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Car-horn Visual Indicator

For the hearing-impaired
  [vote for,

I just recently got my beginner's license (although I'm 30+ - slow starter) and while reading through the driver's manual, I noticed that legally where I'm from, when you pass someone, you're actually supposeed to give an audible "toot" when in the other car's blind spot. This, to me, sems like a very good idea, but what about the hearing-impaired? Other than being able to hear horns, they would normally have all the physical traits necessary to drive cars, and I'm sure a great deal of them do so. But what if we added a device that allowed them awareness of horn-honking? What I propose is a set of audio sensors rigged around the car connected to an LED or LCD display, preferably on the steering column or other visible area, which not only indicates the fact that a horn was/is honking, but also the direction from which the sound comes, thus alerting the hearing-impaired driver of the imminent approach.
Cr0esus47, Jun 12 2003


       Or you could flash your lights.
snarfyguy, Jun 12 2003

       [snarfyguy]- Most people aren't polite enough to flash their lights, plus there really isn't a way of knowing whether or not the occupant is hearing-impaired. Also in the original description I mentioned that the horn is sometimes used while you're in the other driver's blind spot, in which the flashing headlights may not be seen. I thought of adding, however, a bumper sticker saying, "Car equipped with visual horn indicator".
Cr0esus47, Jun 12 2003

       Yeah. I'd also expect a hard -of- hearing person to take extra caution when checking his/her blind spot. That sounds like I'm being funny....   

       I'm sure there are laws in most U.S. states requiring drivers to honk/flash lights when passing, but I can't remember the last time I saw it done.
phoenix, Jun 12 2003

       Yes, [jutta], this is a differently-abled accessory, such as hand-operated gas & brake pedals. Needs a special permit & everything...
Cr0esus47, Jun 12 2003

       Is this a db meter hooked to a variable intensity led in the Deaf person's car?
ato_de, Jun 12 2003

       I wouldn't say variable-intesity LED, but a dB-meter tuned specifically to car-horn frequencies. This idea seems bakeable, it just hasn't been done. Yet.
Cr0esus47, Jun 12 2003

       // differently-abled //   

       Ugh. I got PC all over me just reading that.   

       Welcome to driving, Cr0. That note about tooting at people when you're in their blind spot - if I were you I'd just skip over that. You'll probably just piss people off who don't understand why you're honking at them.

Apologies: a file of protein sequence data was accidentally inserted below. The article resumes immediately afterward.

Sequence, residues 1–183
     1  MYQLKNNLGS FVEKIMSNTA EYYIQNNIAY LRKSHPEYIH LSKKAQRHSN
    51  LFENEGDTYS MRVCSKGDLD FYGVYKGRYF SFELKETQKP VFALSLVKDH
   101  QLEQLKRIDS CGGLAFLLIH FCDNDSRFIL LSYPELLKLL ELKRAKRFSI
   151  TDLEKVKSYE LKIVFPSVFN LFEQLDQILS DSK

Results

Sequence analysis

Idea has merit, though.
waugsqueke, Jun 12 2003

       My home state of Missouri has that law, and when I did it during my drivers test the examiner told me not to anymore.
ry4an, Jun 12 2003

       I never know who my audience is, and since this would be a product exclusively for the hearing-impaired, best to err on the side of caution.
Cr0esus47, Jun 12 2003

       Also, [ato_de], the LEDs would indicate the direction of the honking rather than intensity, maybe a set of 8 LEDs behind a plastic stylized picture of the car. Contrary to popular belief, if you press your horn harder, it does *not* honk louder...
Cr0esus47, Jun 12 2003

       The volume could give a possible indication of how far away the horn is.
waugsqueke, Jun 12 2003

       An excelent idea. Have a croissant.
ato_de, Jun 12 2003

       The sensors, calibrated for frequency, would indicate the speed also, since the Doppler shift would increase the perceived frequency of the observer (the detectors) and that may indicate perhaps a maniac blaring his horn as he's coming toward, beside, then passing you. Chances are, though, this type of driver would also be giving you visual signals, i.e. flipping the bird.
Cr0esus47, Jun 12 2003

       Firstly, if they're in your blind spot, you won't see flashing lights anyhow. Secondly, young drivers have their stereos on so loud they wouldn't hear if thay ran over a moose.
git, Jun 12 2003

       I thought of something similar recently. It was after dark, and I was refueling at a gas station.   

       This was next to some railroad tracks. Out of nowhere a train went by with a whistle screaming so loud, I almost screamed myself !   

       I was ruefully thinking that after dark they should have strobe lights instead of whistles.
Jkirk3279, Nov 12 2003

       This could also help drivers be alert to emergency vehicles. Pastry for you.
KLRico, Nov 12 2003


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